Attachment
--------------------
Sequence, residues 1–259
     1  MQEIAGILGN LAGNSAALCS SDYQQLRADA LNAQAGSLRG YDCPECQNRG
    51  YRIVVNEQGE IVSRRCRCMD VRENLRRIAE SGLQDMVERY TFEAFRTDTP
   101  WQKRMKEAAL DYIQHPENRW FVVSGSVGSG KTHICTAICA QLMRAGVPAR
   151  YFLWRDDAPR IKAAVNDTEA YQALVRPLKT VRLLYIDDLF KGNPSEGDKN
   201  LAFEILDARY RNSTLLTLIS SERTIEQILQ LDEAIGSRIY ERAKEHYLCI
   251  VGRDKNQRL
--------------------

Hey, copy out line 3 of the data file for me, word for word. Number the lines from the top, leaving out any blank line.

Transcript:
    51  YRIVVNEQGE IVSRRCRCMD VRENLRRIAE SGLQDMVERY TFEAFRTDTP